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Thread: Using Bondo

  1. #1
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    Using Bondo

    I'm planning on getting an old frame powdercoated. It has some pretty serious chainsuck (no rupture of the tube though) and a tiny little ding on the top tube. Would bondo be the best way to go for something like this? Would it hold-up to the baking process in a powdercoat? A tube replacement seems overkill.

  2. #2
    ( 8n(|) DOH!! Pwnt's Avatar
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    No. The frame needs to be completely bare. It sucks I know. I have an aluminum frame with a pretty serious garage door dent on the top tube but after all was said and done it didn't come out to bad.
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    16th president abraham lincoln's Avatar
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    I could be completely wrong on this, but I've heard that this stuff called "Lab Metal" will work for powder coating.

    Check it: http://www.lab-metal.com/

    Please correct me if I'm wrong.

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    Older I get, Better I was velonomad's Avatar
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    " Lab Metal" or" Pyro Putty" are the same thing and both do work for powder coating
    I used Pyro Putty to make filets on a Shifter kart aluminum seat before powder coating. expensive stuff though. a pint can was $35 4 years ago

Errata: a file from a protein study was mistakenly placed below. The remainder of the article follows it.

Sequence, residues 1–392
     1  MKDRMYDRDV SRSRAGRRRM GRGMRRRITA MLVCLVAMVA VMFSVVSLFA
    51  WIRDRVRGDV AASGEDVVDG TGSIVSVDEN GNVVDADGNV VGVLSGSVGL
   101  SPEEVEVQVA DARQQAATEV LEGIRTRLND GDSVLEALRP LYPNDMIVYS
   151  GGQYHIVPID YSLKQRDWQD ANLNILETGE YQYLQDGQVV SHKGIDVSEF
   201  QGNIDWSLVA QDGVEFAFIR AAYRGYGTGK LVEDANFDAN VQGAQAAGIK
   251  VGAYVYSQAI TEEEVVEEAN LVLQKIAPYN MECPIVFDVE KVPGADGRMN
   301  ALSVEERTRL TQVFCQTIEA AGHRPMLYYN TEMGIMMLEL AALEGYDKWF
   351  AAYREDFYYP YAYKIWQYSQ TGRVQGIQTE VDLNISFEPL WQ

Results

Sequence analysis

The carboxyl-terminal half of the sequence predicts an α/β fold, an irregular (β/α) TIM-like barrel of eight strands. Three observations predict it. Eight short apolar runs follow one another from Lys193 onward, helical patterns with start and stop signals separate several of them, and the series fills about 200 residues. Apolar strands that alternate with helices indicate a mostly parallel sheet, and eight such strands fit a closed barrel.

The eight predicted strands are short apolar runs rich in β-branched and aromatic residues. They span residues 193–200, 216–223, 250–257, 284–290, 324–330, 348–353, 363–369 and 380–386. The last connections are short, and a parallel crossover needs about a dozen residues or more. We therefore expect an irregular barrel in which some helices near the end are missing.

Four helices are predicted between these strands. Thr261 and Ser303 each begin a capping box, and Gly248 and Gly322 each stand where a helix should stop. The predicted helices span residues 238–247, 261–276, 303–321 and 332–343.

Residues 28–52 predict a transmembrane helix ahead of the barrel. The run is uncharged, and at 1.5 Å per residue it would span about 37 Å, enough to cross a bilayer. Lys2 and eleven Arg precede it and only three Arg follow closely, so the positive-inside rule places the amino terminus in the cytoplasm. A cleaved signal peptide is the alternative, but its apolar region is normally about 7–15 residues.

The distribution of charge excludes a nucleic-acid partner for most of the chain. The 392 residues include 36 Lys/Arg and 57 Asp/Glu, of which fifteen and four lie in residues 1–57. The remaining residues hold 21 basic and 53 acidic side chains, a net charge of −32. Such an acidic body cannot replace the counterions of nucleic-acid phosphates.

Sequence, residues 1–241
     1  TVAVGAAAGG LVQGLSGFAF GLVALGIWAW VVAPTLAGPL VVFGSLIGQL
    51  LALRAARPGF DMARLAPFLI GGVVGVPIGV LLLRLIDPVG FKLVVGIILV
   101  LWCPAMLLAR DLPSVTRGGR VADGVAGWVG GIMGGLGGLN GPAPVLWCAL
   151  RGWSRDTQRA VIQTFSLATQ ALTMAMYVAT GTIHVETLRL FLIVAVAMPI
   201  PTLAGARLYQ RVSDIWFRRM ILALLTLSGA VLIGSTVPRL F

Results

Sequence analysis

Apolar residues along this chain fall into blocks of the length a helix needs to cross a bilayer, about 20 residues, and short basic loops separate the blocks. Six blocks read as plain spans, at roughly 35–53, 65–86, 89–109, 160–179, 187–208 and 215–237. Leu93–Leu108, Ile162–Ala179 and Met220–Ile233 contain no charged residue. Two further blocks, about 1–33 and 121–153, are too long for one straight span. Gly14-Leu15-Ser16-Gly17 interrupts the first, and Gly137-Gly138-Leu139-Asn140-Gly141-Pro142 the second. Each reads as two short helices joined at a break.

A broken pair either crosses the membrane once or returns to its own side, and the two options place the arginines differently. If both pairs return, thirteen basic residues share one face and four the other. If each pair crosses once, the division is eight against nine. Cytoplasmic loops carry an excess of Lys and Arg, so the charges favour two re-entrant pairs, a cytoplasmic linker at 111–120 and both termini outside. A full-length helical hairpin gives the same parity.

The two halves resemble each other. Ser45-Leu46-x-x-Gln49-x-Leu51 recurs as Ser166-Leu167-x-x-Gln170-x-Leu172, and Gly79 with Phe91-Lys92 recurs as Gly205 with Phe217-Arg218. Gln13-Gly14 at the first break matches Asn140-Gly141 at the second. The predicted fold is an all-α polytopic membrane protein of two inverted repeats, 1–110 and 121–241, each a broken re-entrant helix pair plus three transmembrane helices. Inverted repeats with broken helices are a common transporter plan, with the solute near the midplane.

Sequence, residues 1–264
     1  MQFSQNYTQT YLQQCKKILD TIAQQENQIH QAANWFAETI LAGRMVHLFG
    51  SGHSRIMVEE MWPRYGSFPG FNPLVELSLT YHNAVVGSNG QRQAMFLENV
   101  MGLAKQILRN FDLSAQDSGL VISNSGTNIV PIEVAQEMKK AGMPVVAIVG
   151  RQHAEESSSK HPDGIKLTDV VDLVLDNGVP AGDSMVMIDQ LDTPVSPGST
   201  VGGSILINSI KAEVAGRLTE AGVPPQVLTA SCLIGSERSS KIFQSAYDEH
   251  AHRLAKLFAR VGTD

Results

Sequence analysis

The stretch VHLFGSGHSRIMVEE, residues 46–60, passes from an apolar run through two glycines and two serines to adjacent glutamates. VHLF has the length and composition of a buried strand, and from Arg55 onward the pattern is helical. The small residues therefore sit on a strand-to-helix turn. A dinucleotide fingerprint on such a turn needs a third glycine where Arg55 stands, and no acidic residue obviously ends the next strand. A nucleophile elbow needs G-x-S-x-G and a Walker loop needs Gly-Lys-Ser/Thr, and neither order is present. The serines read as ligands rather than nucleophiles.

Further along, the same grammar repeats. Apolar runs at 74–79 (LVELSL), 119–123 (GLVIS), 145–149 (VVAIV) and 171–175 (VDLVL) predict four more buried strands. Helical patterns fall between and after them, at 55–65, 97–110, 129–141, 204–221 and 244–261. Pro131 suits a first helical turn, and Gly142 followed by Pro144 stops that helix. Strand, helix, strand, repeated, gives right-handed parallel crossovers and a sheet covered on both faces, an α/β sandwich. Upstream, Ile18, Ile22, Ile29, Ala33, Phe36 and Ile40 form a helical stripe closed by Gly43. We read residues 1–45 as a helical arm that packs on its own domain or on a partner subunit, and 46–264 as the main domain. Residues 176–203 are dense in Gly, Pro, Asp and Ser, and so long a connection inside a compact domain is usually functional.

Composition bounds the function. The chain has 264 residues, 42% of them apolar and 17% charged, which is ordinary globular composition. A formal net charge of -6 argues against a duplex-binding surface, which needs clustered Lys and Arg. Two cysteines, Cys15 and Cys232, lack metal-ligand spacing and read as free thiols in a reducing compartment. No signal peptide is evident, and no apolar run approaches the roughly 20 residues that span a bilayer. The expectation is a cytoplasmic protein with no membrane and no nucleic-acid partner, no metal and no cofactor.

Another fabricator I know swears that Permatex muffler putty works just as well.

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    Has coddling tendencies. KiddSisko's Avatar
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    I'm going to proclaim my ignorance on the subject of powder coating, but if temperature is an issue, JB Weld (all purpose epoxy mix) can withstand temps up to 500F. Once hardened, you can sand it down flush.

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    The most permanent repair would be to fill the dents with silver and then file and sand it to shape.

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    Senior Member Iowegian's Avatar
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    Quote Originally Posted by KiddSisko View Post
    if temperature is an issue...
    Temperature can be an issue (eg decals) but also the base material needs to have some metal content to hold the powder in place before and during baking since it is electrostatically charged.
    Last edited by Iowegian; 12-06-07 at 11:28 PM.

  8. #8
    deep stuff brucewiley's Avatar
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    Old body work used to be done with lead solder filler, low enough temp to not affect the metal structure. Easily workable. I would consider that. Propane torch, lead & flux for a good fill. (steel frame of course)

    Would that work for powder coat?
    Last edited by brucewiley; 12-07-07 at 10:22 PM.

  9. #9
    Thirsty StabsAll's Avatar
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    Quote Originally Posted by Six jours View Post
    The most permanent repair would be to fill the dents with silver and then file and sand it to shape.
    What he said. Or silicon bronze instead of silver. That's the best most "correct" thing to do.

    I'm assuming the frame is cro-mo?
    Remove the head or destroy the brain.

  10. #10
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    FWIW, a couple of days ago I ended up with a dent in the frame I'm currently building. (So much for the experimental chainstay indenting system ) So I took my own advice and filled the dent with silver, and then filed it into shape. Took probably ten minutes, and the dent is not detectable with eyes or touch. I can't imagine bothering with anything else, Bondo included.

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